Thursday, 27 October 2016
Last updated 3 hours ago
Jul 7 2014 | 9:11am ET
A major cybersecurity breach at a hedge fund that struck fear into the industry and prompted a U.S. regulatory response didn’t actually happen.
The alleged attack, announced last month by BAE Systems’ Paul Henninger, was only an “illustrative scenario” that had been “incorrectly presented,” the London-based company—which offers network-security services—admitted last week.
“Although the example was a plausible scenario, we believe that it does not relate to a specific company client,” BAE spokeswoman Natasha Davies told Bloomberg News. “We sincerely apologize for this inaccuracy. We are taking the necessary action to ensure this type of error does not occur again.”
Henninger had claimed that a “major” U.S. hedge fund—which he did not name—had suffered a hacking attack last January. The alleged raid lasted two months and cost the firm millions, delaying trades and compromising its trade secrets, Henninger said.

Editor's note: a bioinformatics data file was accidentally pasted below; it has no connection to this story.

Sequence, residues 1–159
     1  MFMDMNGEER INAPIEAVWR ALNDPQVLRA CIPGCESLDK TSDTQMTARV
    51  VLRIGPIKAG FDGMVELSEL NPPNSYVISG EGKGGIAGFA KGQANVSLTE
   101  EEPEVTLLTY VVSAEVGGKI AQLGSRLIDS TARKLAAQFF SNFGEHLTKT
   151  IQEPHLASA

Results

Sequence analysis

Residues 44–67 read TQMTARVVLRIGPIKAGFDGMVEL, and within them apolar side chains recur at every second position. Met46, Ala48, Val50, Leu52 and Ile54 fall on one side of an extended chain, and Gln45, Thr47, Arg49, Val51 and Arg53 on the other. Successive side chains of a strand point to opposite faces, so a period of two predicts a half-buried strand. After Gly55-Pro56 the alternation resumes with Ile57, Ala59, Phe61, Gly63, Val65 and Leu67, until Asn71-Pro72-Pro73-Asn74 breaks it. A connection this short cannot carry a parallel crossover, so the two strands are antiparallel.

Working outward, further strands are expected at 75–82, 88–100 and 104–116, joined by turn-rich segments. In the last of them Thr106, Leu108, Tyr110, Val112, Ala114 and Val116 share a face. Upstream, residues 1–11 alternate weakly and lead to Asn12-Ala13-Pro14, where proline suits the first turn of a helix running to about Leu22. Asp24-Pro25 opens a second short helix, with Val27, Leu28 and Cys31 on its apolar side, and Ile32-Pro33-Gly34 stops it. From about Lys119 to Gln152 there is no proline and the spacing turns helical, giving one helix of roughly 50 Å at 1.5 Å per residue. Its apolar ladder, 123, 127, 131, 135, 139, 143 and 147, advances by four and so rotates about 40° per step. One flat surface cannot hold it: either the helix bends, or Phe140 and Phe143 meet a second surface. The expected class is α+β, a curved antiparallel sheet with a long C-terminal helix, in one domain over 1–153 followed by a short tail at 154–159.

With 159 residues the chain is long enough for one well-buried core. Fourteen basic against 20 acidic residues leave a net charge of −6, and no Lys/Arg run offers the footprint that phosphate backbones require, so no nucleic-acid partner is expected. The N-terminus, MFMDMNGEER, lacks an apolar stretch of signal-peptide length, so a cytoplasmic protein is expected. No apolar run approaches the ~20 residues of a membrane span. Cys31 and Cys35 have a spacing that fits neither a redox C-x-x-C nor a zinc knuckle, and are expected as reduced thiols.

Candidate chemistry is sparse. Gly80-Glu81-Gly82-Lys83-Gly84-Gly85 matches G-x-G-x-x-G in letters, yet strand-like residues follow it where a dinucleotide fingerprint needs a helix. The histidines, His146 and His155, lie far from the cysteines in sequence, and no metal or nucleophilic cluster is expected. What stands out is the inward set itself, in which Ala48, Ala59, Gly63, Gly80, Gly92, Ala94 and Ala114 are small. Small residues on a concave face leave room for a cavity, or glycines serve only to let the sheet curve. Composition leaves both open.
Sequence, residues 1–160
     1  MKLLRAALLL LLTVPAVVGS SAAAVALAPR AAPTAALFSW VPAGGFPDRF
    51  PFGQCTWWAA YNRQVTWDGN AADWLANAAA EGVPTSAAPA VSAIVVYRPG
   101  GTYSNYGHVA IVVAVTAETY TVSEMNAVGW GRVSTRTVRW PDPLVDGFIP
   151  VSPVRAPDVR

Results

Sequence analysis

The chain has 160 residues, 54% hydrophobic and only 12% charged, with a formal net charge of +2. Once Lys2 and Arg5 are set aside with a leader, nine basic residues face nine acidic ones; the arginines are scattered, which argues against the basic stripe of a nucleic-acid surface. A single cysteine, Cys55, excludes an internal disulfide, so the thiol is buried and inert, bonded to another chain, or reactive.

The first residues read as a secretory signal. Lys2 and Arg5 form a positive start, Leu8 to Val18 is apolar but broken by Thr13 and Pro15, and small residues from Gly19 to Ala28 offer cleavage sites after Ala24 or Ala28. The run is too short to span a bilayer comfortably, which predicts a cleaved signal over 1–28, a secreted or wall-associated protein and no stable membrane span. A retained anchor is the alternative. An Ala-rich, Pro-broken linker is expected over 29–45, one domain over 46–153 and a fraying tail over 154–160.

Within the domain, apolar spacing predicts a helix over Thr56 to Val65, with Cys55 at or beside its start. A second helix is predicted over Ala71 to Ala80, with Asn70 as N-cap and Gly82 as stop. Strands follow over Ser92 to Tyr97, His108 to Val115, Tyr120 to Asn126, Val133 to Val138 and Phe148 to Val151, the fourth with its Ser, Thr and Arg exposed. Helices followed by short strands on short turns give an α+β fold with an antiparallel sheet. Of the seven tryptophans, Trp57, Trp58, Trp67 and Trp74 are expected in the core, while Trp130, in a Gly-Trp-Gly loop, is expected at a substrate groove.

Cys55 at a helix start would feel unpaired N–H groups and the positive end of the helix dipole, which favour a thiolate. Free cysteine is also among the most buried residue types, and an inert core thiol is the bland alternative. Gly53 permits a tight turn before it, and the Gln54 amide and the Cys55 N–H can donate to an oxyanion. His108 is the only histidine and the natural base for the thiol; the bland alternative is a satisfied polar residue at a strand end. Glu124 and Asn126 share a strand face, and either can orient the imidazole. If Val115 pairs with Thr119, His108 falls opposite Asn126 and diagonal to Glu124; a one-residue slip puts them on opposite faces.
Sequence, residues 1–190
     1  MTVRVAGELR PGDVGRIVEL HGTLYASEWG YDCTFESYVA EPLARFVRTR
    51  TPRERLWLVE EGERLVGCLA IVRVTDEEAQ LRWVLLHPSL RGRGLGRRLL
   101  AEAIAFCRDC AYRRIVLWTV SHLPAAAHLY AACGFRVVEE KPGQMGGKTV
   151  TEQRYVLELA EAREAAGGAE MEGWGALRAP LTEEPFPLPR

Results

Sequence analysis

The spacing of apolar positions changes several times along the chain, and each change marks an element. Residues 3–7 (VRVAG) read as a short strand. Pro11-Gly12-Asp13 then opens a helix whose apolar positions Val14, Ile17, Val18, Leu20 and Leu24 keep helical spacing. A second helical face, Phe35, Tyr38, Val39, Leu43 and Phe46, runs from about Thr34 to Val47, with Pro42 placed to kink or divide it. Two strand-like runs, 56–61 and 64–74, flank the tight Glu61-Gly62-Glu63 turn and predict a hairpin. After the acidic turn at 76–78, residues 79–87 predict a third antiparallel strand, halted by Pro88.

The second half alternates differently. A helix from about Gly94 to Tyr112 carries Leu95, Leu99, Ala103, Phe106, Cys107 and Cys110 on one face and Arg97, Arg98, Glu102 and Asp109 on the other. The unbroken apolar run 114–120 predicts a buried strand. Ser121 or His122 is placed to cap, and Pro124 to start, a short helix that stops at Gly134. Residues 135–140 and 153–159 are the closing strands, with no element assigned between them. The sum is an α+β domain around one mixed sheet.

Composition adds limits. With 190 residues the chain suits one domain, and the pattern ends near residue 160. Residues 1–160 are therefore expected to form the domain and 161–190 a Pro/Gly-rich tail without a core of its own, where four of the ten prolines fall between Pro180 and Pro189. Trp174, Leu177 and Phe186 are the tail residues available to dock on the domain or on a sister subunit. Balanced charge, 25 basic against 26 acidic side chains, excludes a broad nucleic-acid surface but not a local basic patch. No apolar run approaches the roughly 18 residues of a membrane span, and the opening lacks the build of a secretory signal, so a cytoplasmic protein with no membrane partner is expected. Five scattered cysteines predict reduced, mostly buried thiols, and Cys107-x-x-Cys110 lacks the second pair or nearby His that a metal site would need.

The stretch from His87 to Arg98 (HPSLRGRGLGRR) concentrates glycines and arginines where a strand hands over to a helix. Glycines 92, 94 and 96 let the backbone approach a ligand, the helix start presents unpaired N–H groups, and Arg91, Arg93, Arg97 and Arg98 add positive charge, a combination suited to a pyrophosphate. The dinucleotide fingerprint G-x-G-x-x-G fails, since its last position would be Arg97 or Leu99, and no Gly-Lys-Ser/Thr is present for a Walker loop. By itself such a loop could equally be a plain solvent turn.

“This was something that was getting reviewed at the board level of this hedge fund precisely because it was having a material impact on performance across the portfolio,” he added, noting that the attack began when a staffer opened a phishing email.
The claim contributed to the Center for Financial Stability and Federal Bureau of Investigation partnering to “better assess emerging risks and facilitate coordination surrounding cybersecurity and threats.” The CFS cited “news about cyber-attacks against a major unnamed hedge fund” in its June 24 announcement.
For his part, Henninger is “taking some time away from the business,” Davies said. He remains employed by the company.